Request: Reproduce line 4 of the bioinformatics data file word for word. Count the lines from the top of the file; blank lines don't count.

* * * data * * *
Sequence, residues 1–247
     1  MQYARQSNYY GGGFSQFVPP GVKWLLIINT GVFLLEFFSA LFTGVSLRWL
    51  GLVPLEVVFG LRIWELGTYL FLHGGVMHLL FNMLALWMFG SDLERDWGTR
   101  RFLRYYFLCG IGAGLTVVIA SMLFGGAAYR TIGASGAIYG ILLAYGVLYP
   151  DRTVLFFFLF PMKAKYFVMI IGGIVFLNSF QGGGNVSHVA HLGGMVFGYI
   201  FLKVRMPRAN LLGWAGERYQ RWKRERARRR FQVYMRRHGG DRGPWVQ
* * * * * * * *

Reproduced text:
   101  RFLRYYFLCG IGAGLTVVIA SMLFGGAAYR TIGASGAIYG ILLAYGVLYP